Can You Reduce Income to Qualify for a Chapter 7 Bankruptcy?
Consumers generally have two bankruptcy options to choose from—Chapter 7 and Chapter 13. Each has different strengths and weaknesses, but a big plus of a Chapter 7 is speed. You can usually wipe out qualifying debts in a few months from start to finish. With a Chapter 13, by contrast, consumers must make monthly payments over the course of three to five years before any debt can be discharged.
Unfortunately, Congress has made it more difficult for people to file for Chapter 7 bankruptcy protection. First, they need to qualify by passing a “means test.” This test is pretty straightforward. We compare our client’s income to the state median for a family of similar size. If your income is below the median, you qualify and can file a Chapter 7.
If your income is over, you might still qualify if your monthly expenses are high enough. However, some clients get the idea that they want to deliberately reduce their income to qualify for a Chapter 7, but there are problems with this approach that we want to warn you about.
Why You Shouldn’t Quit Your Job
The means test looks at income for the six months before you file. Some people ask if they can just quit their job to artificially suppress their income in order to get under the threshold. Technically, they could; but there are many disadvantages:
- Quitting your job harms your financial prospects going forward. The goal of a bankruptcy is to strengthen your financial position, not leave you poorer once you receive your discharge. If you quit your job, it could be hard to get a new one.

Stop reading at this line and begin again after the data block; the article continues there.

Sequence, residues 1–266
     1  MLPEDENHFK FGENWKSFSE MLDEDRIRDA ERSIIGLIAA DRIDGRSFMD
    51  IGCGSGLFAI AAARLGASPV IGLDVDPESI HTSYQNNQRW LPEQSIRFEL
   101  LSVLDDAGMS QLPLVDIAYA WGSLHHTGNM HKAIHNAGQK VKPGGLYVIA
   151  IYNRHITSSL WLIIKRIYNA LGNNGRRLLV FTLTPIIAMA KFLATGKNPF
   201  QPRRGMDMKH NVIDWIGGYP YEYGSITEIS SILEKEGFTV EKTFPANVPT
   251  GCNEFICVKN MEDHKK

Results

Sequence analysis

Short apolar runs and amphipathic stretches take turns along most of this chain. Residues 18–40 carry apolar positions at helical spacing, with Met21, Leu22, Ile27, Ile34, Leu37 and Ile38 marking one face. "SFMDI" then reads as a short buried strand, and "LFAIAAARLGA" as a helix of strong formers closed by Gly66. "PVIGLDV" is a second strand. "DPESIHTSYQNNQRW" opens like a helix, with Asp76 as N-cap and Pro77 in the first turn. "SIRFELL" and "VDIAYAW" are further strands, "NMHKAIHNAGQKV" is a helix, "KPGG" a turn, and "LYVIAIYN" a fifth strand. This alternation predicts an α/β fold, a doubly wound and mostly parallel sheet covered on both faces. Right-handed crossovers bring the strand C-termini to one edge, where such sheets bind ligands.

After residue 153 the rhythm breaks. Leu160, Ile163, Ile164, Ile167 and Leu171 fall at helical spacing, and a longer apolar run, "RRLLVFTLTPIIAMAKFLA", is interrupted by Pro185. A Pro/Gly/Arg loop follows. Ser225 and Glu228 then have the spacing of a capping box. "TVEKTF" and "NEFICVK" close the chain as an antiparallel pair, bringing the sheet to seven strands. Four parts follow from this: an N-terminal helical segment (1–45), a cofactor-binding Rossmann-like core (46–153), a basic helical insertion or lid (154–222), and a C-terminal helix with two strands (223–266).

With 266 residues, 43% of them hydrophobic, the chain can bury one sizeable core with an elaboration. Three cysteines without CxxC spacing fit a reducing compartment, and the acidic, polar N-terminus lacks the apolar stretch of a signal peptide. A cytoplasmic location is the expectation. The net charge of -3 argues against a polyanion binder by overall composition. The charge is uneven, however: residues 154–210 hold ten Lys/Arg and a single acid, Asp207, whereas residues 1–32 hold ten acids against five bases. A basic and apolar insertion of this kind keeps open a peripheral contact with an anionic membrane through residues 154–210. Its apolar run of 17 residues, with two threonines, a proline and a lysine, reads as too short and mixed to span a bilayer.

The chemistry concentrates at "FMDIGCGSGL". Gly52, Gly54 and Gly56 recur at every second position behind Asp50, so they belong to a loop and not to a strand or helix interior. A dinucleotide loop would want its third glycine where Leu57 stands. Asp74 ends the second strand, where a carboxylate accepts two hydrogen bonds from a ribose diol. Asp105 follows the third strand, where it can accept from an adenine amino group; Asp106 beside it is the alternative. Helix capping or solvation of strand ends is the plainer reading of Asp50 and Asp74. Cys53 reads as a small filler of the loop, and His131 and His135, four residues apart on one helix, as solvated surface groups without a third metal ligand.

- The trustee can contest your bankruptcy if they believe you filed in “bad faith” and have abused the process. Quitting a job is one of the circumstances a judge will look at. Although it is rare for a trustee to contest bankruptcies, it could happen, in which case your Chapter 7 could be converted to a Chapter 13 or dismissed altogether.
Similar problems arise with cutting your hours to reduce your income. You are losing out on income you need, could compromise your job security, and might raise a red flag for the trustee.
Consumers who are currently over the means test do have other options. For example, your income might be irregular. You could be self-employed or employed seasonally, with your income rising during certain times of the year and falling in others. If so, you could file during the time of the year when your income is at its lowest, which could put you under the line for the means test.
Another option is to look at your expenses. As mentioned above, there is an alternate way to pass the means test that calculates your disposable income after deducting living expenses. Sometimes it is possible to temporarily increase your expenses, which can decrease your disposable income a corresponding amount and let you slide in under the means test. Once you qualify for Chapter 7, you can then reduce expenses. This will harm you less than quitting a job.
Talk with an Experienced Chapter 7 Bankruptcy Lawyer in Plantation
At Nowack & Olson, our Plantation chapter 7 bankruptcy attorneys thoroughly explain the different options to our clients so they can make an informed decision about what is right for them. For help with your case, call us today at 888-813-4737 to schedule a free consultation.